Reza Aslan at ISF Dinner in Silicon Valley
By Riaz Haq
Islamic Scholarship Fund's annual dinner and fundraiser drew over 300 attendees and raised nearly $100,000 in Silicon Valley on Saturday October 5, 2013. Best-selling author Reza Aslan was the keynote speaker. The event was co-sponsored by several major organizations including Council on American Islamic Relations (CAIR), Human Development Foundation (HDF), Zaytuna College, Shia Association of Bay Area (SABA), Islamic Society of East Bay (ISEB), South Bay Islamic Association (SBIA) and United Muslims of America (UMA).
The mission of the Islamic Scholarship Fund (ISF) is to improve the understanding and acceptance of Islam and those who practice it by increasing Muslim American representation in the professions that influence public policy and public opinion. The fund offers scholarships for Muslim students to encourage and career-building in professions which help shape public opinion and public policy in the United States.
After a brief introduction to Islamic Scholarship Fund by ISF president Hamed Razapour, the attendees were served dinner and treated to a popular one-woman monologue, Dirty Paki Lingerie, by Aizzah Fatima, a Pakistani-American actor and playwright who previously worked for Google as an engineer. She played a couple of characters to offer a glimpse of some of the real-life situations faced by first-generation Muslim immigrants and their off-springs. The first character she played was that of a mom working the phone speaking in her native accent to find a suitable husband for her daughter, followed by her funny portrayal of the American-born daughter dealing with the cultural divide faced by the children of first-generation Muslim immigrants.
Dr Reza Aslan's keynote was in the form of Q&A with ISF board member Dr Ejaz Naqvi. It was mainly focused on Aslan's recent best-seller book "Zealot: The Life and Times of Jesus of Nazareth" which generated and benefited from a lot of controversy surrounding the author's interview aired on Fox News
. The interview soon went viral in the social media and the book sales soared.
Iranian born Aslan who grew up in the United States explained that his parents were Muslim but not particularly religious. His interest in Jesus began as a teenager when he became a devout Christian but reverted to Islam a few years later. As he studied Jesus, he realized that Jesus is not really a historical figure. Most of what the world believes about Jesus comes from the New Testament. The only reference to Jesus that Aslan found outside the New Testament is by Jewish historian Flavius Josephus who mentioned "James, the brother of Jesus, the one they call messiah".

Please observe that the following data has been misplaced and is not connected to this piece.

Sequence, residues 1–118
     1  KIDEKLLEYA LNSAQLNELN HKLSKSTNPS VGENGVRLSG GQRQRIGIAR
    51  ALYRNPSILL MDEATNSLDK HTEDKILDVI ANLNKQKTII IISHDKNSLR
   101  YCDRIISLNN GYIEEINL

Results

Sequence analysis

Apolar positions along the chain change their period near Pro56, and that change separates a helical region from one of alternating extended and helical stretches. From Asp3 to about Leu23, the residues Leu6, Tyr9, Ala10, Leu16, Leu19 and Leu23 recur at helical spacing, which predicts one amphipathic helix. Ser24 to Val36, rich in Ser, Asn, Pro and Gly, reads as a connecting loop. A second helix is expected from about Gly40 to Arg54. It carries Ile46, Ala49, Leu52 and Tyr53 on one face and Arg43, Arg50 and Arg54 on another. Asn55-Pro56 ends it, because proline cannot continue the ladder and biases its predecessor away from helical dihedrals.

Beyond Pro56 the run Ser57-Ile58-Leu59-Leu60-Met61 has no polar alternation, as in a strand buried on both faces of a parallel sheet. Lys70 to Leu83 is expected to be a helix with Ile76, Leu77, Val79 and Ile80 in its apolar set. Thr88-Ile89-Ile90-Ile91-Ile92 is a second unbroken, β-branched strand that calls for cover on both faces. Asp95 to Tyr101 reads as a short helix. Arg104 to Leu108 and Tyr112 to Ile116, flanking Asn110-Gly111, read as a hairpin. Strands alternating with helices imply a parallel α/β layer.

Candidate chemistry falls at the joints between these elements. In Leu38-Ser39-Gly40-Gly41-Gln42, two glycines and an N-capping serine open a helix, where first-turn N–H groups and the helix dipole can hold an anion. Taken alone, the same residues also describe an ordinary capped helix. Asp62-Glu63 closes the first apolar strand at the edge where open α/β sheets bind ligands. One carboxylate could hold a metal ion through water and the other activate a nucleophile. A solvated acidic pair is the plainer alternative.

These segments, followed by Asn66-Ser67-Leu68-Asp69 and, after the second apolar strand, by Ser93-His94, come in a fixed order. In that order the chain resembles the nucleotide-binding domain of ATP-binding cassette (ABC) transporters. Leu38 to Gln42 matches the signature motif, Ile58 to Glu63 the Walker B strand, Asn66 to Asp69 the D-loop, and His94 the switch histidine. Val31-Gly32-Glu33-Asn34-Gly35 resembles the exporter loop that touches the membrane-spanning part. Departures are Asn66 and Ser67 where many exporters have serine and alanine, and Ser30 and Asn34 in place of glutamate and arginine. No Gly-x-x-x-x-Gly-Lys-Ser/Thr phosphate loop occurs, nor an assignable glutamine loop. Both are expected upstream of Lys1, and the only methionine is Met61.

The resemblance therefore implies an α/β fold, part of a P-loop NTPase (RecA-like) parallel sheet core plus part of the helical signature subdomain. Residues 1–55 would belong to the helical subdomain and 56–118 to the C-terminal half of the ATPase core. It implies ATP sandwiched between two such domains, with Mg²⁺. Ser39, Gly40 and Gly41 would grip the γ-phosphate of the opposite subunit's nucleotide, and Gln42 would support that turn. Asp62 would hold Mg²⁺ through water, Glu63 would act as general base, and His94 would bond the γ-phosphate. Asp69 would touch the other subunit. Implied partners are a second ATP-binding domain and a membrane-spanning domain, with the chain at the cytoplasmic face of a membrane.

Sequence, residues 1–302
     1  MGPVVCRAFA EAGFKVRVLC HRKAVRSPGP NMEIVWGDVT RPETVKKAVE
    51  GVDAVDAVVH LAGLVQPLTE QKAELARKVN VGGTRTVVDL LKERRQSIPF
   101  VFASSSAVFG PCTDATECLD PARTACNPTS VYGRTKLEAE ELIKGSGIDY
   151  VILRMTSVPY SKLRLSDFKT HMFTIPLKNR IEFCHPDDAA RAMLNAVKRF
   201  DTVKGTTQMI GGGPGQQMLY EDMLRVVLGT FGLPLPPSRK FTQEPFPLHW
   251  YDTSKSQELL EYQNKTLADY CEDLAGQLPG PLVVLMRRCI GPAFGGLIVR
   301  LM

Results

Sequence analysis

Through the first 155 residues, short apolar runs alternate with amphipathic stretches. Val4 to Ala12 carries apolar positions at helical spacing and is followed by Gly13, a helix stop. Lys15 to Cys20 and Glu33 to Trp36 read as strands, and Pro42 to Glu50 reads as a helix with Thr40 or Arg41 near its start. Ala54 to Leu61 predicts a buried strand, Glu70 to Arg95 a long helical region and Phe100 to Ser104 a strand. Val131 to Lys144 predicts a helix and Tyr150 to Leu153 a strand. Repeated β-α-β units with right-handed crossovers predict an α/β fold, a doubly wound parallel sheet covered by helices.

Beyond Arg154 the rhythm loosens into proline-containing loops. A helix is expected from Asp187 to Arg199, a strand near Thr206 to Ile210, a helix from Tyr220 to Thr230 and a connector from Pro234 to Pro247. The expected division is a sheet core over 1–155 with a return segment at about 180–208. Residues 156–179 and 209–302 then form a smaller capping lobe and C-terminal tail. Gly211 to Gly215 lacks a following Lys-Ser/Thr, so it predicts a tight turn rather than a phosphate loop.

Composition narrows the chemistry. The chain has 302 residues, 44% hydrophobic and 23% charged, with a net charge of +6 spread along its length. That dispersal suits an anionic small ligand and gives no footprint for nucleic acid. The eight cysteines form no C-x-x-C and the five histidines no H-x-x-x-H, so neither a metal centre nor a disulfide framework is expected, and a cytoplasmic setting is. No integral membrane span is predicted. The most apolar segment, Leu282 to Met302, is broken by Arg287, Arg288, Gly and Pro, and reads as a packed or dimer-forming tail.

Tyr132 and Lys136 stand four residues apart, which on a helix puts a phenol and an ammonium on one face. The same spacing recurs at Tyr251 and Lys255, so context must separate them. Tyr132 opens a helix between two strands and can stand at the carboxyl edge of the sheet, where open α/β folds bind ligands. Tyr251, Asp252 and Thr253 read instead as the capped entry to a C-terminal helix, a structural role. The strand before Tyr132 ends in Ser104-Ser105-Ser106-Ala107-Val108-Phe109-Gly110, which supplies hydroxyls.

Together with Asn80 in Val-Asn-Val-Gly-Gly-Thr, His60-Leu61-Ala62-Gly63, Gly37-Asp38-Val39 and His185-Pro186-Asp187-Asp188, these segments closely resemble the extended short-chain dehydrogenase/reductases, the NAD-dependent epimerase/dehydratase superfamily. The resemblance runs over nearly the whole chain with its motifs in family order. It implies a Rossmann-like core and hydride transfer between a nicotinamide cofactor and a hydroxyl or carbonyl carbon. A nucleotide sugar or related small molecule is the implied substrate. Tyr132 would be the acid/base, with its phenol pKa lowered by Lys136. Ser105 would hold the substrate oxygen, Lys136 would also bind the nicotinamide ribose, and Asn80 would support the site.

Aslan said that there was strong rivalry between James, Jesus's brother and close companion, and Paul, who is credited with much of what the Christians believe about who Jesus was. Aslan said Paul never met Jesus and yet his descriptions of Jesus have been the main source of what is in the New Testament. It was Paul, not James, who saw Jesus as divine rather than human, according to Aslan.
Responding to a question about how Americans perceive Islam, Aslan said, "No one in America believes that all 1.5 billion Christians have a single interpretation of Christianity, yet they seem to expect that all 1.5 billion Muslims have one common understanding of Islam".
When asked why he wrote a book about Jesus and not Prophet Mohammad, Aslan said, "I did write a book about Prophet Mohammad. It's a best seller titled 'No god but God' ".
Reza Aslan is very articulate, telegenic and knowledgeable. He is an effective advocate for interfaith harmony in the face of vicious attacks of various hate groups against American Muslims since 9/11. I found his performance in TV debates surrounding bigoted opposition to "Ground Zero Mosque" to be particularly impressive. It would be great for interfaith harmony in America if the Islamic Scholarship Fund (ISF) can help produce many more Reza Aslans among American Muslims.
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